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Intel Edison - the SD card-sized dual-core computer for wearable tech

Andrew Unsworth
7 Jan 2014
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Wearable technology is pretty gimmicky, but Intel's Edison, a small SD card-sized computer might change that

UPDATED: Includes price information

Intel has announced Edison, an x86-compatible, SD card-sized computer with built-in Wi-Fi that it hopes will bring genuinely useful wearable technology closer than ever to reality. Speaking at the 2014 Consumer Electronics Show in Las Vegas, Intel CEO Brian Krzanich stressed Intel’s commitment to making wearable technology mainstream.

"Wearables are not everywhere today because they aren't yet solving real problems and they aren't yet integrated with our lifestyles," said Krzanich. "We're focused on addressing this engineering innovation challenge. Our goal is, if something computes and connects, it does it best with Intel inside."

Intel Edison

The Intel Edison has a dual-core 22nm Intel Quark system-on-chip (SoC) that provides low-power consumption processing for small form factor devices, such as wearable technology. The SoC is equivalent in power to an existing Atom CPU and Quark was unveiled at IDF 2013, although this is the first time that we've seen an actual product.

As it is x86-compatible, Edison can be used with multiple operating systems and its built-in Wi-Fi helps widens the scope of interaction with other devices such as smartphones and tablets.

Mimo Baby Monitor

One example of the Edison’s role in wearable technology is Rest Devices’ Mimo Baby Monitor, a ‘onesie’ that lets you monitor a baby’s respiration, skin temperature and position wirelessly via a smartphone app. The Mimo Baby Monitor’s sensors are stored in a pack that’s shaped like a cute cartoon turtle.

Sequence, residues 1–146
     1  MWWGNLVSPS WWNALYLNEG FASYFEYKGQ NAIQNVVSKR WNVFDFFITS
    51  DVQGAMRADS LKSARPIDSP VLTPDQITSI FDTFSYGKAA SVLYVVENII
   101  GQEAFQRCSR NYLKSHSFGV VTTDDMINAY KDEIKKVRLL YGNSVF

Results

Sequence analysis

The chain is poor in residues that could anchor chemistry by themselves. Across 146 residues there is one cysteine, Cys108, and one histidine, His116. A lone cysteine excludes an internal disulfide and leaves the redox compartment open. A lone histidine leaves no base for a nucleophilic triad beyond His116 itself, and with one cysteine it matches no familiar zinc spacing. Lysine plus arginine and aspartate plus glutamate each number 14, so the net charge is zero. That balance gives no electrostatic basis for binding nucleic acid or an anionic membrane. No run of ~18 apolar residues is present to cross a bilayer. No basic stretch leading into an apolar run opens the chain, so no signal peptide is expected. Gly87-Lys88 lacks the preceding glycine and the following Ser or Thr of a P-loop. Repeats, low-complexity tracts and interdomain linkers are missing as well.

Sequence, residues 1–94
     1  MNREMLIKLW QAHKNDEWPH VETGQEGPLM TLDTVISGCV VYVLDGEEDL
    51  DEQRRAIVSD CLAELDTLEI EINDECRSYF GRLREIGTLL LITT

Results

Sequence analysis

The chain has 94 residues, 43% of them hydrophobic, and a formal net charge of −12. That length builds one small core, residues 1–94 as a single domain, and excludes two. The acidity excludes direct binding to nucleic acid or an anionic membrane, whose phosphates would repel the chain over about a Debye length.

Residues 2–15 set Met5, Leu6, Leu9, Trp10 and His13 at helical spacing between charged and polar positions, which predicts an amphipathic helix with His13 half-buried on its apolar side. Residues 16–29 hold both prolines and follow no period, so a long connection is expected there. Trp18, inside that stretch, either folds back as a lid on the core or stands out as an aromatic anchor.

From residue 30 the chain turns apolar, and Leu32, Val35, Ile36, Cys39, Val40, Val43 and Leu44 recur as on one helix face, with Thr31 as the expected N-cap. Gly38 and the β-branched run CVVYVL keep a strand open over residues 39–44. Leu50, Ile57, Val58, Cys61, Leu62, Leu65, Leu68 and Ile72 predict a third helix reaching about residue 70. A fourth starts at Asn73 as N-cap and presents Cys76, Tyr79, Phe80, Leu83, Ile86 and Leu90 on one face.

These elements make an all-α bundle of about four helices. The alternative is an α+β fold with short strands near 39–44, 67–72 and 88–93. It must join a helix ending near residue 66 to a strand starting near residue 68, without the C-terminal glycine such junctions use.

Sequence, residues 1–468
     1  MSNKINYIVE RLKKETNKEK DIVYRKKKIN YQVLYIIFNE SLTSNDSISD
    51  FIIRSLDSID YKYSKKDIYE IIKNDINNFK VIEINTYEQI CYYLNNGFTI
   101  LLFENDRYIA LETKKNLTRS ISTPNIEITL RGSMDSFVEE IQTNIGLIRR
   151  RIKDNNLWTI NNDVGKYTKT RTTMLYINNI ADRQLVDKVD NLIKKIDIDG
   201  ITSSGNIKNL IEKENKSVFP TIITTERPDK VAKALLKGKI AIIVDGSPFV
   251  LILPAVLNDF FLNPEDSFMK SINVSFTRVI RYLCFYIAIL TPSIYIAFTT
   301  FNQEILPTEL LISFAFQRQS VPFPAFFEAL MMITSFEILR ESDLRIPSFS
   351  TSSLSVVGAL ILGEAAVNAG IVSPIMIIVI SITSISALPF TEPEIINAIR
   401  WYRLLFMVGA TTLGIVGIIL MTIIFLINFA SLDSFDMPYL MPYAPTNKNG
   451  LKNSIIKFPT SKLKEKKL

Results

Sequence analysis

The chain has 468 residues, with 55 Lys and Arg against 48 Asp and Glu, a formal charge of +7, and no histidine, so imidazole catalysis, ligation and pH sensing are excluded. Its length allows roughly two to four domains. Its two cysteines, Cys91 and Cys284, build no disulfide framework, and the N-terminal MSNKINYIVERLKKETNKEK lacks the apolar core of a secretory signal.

We spoke to Rest Devices and it told us that the turtle's battery lasts for around five days, and it's easily charged by using the magnetic charging dock that comes with the product.

Rest Devices was also demonstrating its smart mug, which has a graphic display showing you your baby's current status, so you can check that it's sleeping OK. The company also had a smart baby milk station, which keeps milk cold at night and begins to heat it when your baby wakes up.

Mimo Smart Bottle Warmer

This is just the start of what Intel hopes is a revolution in wearable devices, with Edison due to ship in the middle of the year. It's SD card size and slot compatibility should make it easier to develop for, not requiring any specialist hardware.

Intel Galileo

We asked Intel how much it would cost, but were told that the company couldn't talk about prices yet. However, Intel also had on display Galileo, an Arduino compatible development board that's around the same size as a Raspberry Pi. We were told, "We can't talk about price, but the Galileo board is $60 and [Edison] will be comparable."

DESIGN COMPETITION

In order to spur the design and production of wearable technology, Intel has thrown down the gauntlet to inventors and entrepreneurs with its Make It Wearable challenge. According to Intel, the challenge calls “upon the smartest and most creative minds” to make wearable technology that solves real-world problems. To provide an impetus, Intel is to award over $1.3 million US dollars in cash prizes to the winners of the challenge, which should help focus the creative energies of those taking part.

For us, technology should make augment your life and make it easier, so we look forward to seeing if Intel’s Edison really will usher in a new technological age of unobtrusive and interconnected devices.

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